In this issue of Neurology Now, we learn about two brothers with Duchenne muscular dystrophy—a fatal neurologic disease—who can teach us all about embracing life. These energetic young men treat each day as a gift. In our cover story, celebrated artist Chuck Close tells us that his success is due to his many chronic neurologic problems, not in spite of them. And in “The Science of Survival,” we see how Jana Kosiba's decision to stay optimistic in the face of a malignant brain tumor has helped her participate actively in her treatment.
What all four people have in common is the acceptance of the reality of their lives and the will to live each day to the fullest. In fact, acceptance—even of loss and pain—is an important step in living fully.
During the course of my career as a neurologist, I have participated in the care of many people diagnosed with incurable diseases. For some, the diagnosis meant a normal life span lived with disability or pain. For others, it meant a life span measured in weeks or months. As you might imagine, people react to and cope with this news in many different ways, none of which is right or wrong.
In 1969, Elisabeth Kübler-Ross, M.D., first introduced the concept of stages of grief, in a book called On Death and Dying. She developed a model of how people cope with dying, based on her research with 500 dying patients. The first phase for most is denial: “This can't be happening to me!” The second is anger: “How can this be happening to me?” The third is bargaining: “I'll do anything for a few more years.” The fourth is depression: “I'm going to die, so what's the point?”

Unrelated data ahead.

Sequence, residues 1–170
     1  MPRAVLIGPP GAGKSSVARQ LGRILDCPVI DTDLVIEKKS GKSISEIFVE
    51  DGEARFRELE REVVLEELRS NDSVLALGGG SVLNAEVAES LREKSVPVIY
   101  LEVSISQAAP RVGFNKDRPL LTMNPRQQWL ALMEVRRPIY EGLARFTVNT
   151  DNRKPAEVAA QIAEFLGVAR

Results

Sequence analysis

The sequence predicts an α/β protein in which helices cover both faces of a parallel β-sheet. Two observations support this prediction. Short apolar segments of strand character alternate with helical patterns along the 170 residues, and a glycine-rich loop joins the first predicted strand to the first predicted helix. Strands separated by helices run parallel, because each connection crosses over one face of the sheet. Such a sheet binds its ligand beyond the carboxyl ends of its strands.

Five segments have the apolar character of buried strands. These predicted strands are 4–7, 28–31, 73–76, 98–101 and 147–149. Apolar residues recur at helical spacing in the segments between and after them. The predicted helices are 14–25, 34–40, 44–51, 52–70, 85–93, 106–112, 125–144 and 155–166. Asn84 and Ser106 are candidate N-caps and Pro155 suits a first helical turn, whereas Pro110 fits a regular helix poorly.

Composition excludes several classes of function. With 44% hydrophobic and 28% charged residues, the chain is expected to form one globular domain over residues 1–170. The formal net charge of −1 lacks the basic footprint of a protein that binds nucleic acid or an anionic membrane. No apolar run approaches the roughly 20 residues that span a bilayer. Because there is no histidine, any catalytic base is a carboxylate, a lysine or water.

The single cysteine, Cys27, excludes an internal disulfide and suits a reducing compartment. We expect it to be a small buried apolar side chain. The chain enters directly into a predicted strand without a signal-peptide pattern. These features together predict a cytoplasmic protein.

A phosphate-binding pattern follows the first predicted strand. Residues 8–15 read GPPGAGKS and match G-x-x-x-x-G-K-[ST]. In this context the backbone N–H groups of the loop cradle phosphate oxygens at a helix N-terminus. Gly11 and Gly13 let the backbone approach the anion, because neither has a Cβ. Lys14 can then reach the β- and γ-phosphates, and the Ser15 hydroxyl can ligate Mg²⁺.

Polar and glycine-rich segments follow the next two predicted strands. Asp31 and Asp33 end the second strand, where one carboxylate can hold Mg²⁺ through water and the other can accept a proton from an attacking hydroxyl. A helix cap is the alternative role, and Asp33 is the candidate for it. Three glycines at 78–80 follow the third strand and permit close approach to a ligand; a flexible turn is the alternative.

The fifth phase is acceptance: “Whatever happens, it's going to be okay.” Donald Patrick, Ph.D., and his fellow researchers have found that the ability to reach acceptance is influenced by the quality, meaning, and value the dying person places on her life. A person who finds value and meaning in life can make peace with the fact of death, even when it is fast approaching.
I had the opportunity to hear Dr. Kübler-Ross speak about her research when I was a medical student. She was quick to stress that while most people go through five stages, not all go through all of them or in the same order. Some phases are skipped completely, some people bounce back and forth between two stages, and sometimes people get stuck in one stage.
She also noted that this coping pattern is used by people suffering any type of major loss. For example, caregivers for people who are dying go through their own grief process, which can make it difficult to provide support. For those of us who find ourselves in this situation, the key is to take time to think about where we are—and where our loved one is—in the grief process and get help when we need it. Friends, our physicians, counselors, and support groups are all among the resources available to help.
The only certainty in life is that it will end for all of us, eventually. It's a painful thought, but acknowledging it has helped me focus on what is really important and what I want to accomplish in my life. I encourage all of you to do the same.
How have you coped with a painful reality, such as an illness—your own or that of a loved one? Has acceptance made a difference? E-mail us at firstname.lastname@example.org.
Take good care,
Robin L. Brey, M.D.